In some regards that is lacking with many young musicians today. You can come into a session with charts on an iPad in a certain key, and change the key utilizing technology rather than by ear. They don't have to transpose in their head, or listen as much. There are concerns about that educational approach. JP:
It is a handicap if you can't really instantly identify the sound that you are hearing. It's not about learning the chords, because when you're on stage, you don't have the time to think about what chord this is. It's the sound you can identify. You're connected to that sound, you play with that sound. Once that skill is developed, you don't really need to know what the chords are. AAJ:
You arrived in New York in the late fifties, a very exciting and transitional time for jazz music. New language was being created in terms of melodic improvisation, as bebop gave way to more open harmonic structure, and melodic possibilities. Talk about this time in the late fifties, what it was like to be a part of that movement. JP:
When I arrived in New York, I went to the Five Spot where Thelonious Monk
was performing, and in his band Johnny Griffin
was playing saxophone. Johnny is from Chicago. Johnny introduced me to Orrin Keepnews of Riverside Records where he was recording for the label at that time. Things just mushroomed from there.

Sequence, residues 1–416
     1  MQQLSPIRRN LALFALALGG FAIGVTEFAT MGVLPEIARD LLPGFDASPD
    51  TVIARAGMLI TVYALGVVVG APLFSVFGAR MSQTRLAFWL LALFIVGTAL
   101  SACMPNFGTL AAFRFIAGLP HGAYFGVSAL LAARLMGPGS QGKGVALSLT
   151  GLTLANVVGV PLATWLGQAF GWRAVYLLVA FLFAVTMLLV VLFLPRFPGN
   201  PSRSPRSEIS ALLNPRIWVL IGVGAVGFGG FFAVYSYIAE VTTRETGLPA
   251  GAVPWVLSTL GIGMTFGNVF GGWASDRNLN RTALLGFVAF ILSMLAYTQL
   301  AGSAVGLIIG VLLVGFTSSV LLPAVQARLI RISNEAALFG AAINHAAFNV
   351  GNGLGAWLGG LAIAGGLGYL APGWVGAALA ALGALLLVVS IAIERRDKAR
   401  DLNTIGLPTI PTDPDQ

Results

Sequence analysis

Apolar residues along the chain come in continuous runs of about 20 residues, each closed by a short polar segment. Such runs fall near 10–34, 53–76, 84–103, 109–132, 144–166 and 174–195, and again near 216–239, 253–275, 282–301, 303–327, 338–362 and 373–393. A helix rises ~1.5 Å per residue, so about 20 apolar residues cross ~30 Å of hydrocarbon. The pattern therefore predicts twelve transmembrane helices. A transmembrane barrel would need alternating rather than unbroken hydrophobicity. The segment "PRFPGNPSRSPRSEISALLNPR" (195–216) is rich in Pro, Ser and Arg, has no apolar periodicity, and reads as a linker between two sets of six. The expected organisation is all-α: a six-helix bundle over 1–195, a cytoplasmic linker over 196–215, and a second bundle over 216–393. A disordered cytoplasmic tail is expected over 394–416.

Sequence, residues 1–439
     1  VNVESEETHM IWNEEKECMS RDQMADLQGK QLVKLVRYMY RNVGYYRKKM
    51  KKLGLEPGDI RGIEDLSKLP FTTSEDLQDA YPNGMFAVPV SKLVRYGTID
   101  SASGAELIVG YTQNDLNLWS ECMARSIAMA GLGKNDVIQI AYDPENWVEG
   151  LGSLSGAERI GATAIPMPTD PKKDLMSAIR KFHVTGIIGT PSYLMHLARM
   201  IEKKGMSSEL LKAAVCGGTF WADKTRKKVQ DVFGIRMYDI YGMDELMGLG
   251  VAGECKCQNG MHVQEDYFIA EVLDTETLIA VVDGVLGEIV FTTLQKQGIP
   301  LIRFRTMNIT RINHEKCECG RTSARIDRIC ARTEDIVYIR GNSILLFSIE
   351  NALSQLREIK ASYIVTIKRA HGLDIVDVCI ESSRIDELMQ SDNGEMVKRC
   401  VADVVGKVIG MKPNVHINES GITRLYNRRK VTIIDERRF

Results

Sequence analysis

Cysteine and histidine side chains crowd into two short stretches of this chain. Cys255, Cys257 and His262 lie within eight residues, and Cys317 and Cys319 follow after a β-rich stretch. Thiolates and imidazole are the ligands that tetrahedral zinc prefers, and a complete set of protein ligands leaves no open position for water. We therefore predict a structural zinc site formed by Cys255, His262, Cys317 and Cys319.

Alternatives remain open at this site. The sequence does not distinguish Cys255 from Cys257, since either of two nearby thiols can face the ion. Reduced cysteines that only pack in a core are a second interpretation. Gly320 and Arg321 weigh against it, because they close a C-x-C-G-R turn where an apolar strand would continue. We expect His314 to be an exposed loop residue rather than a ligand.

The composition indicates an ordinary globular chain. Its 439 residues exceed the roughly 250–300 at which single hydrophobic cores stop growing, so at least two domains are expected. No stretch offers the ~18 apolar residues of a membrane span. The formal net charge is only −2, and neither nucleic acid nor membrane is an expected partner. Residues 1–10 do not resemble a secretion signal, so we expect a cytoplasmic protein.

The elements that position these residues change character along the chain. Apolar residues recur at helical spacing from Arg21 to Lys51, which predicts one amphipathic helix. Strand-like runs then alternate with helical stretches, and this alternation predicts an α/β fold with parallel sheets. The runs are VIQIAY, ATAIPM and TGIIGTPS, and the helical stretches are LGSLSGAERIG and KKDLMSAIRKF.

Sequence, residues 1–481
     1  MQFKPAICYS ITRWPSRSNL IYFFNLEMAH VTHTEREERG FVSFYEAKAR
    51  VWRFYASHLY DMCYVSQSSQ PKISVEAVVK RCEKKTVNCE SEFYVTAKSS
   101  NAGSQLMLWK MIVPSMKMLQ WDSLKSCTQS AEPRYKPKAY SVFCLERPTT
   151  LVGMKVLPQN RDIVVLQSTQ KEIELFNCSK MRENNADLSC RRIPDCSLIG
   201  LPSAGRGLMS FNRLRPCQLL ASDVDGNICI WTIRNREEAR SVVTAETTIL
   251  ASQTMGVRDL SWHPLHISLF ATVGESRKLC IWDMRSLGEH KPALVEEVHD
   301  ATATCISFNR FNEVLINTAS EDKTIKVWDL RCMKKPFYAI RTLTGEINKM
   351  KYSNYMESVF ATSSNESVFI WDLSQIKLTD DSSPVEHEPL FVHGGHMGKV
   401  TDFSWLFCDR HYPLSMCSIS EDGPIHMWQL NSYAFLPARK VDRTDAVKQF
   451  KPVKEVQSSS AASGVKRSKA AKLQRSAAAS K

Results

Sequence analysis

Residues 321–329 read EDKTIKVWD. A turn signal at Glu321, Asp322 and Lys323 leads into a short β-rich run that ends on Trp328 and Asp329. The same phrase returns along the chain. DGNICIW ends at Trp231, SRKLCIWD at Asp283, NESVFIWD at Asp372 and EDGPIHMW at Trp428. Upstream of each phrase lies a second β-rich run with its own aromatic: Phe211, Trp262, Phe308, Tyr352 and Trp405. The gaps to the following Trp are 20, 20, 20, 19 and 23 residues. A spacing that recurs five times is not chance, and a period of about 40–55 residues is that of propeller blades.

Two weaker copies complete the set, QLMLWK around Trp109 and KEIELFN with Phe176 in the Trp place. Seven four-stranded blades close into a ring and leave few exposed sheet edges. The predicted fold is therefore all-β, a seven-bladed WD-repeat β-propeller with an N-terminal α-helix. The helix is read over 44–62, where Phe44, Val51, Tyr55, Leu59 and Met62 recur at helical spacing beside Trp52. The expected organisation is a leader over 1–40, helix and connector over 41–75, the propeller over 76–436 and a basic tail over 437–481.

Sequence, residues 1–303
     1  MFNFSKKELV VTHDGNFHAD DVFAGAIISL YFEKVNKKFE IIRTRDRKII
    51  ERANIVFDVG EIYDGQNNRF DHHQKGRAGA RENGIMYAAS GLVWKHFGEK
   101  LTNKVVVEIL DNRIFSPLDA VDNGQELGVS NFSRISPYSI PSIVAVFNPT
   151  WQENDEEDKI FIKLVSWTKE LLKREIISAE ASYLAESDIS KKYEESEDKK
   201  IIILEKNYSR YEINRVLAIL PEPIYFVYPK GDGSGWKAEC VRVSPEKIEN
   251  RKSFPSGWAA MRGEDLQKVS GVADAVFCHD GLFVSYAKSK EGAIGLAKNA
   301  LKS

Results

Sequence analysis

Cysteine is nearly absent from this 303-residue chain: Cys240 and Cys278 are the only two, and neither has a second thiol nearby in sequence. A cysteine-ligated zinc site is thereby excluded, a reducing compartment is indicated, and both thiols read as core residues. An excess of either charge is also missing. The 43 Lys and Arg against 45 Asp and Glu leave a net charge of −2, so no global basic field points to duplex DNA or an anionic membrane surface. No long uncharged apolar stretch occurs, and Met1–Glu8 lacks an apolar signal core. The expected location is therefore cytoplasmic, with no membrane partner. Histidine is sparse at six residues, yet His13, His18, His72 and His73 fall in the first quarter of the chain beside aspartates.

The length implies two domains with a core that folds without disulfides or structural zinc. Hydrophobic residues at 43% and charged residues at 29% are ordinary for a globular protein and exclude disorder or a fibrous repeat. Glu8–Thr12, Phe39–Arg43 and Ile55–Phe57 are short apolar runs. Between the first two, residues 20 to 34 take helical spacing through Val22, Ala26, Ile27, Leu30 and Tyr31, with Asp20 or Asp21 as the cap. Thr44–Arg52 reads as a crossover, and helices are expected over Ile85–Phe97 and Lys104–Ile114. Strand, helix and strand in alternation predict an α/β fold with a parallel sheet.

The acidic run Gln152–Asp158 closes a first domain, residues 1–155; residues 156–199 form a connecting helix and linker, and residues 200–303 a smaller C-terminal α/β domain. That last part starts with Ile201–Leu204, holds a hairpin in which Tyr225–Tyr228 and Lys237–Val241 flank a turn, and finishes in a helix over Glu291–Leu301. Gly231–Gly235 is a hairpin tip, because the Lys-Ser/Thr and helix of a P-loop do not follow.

I was very fortunate. I credit all of my successes to an attitude that was kind of forced on me when I was in high school. My high school band director Captain Walter Henry Dyett, ex army captain who took no mess from nobody! The principal of the school, the mayor of the city all respected Walter Henry Dyett. He was instrumental for not only Johnny Griffin, but Gene Ammons
, Clifford Jordan
, and many, many others. That really prepared me for life because he told us that the power of positive thinking can get you through life.
He made an illustration that you can go to this window in the band room on the third floor of the school building, and you can actually walk across the street, to the house across the street, without going down to the ground. From the window to the roof. And of course, everyone looked at him and said that this man was crazy (laughter)! AAJ:
But they didn't mess with him! JP:
But it worked. Not that I tried to walk across the street from that window! Little things would happen, like I would be desperate for money, and the phone would ring with a gig. If I didn't have any money, I would make a determination that I was going to go out and find some money, and I would go out and find some money. One time in particular, I was dead broke looking for money, I was going through Washington Park in Chicago, a huge field big enough to have two baseball games going on simultaneously. As I was walking across this field, I saw something glimmer on the ground, it was money, coins. As I reached down to pick up that coin, there were others. I must have picked up a couple of dollars in change from the ground. It must have fallen out of someone's pocket. But that confirmed the belief that the power of positive thinking results in positive thoughts and positive action. So I kind of carry that around with me to this day.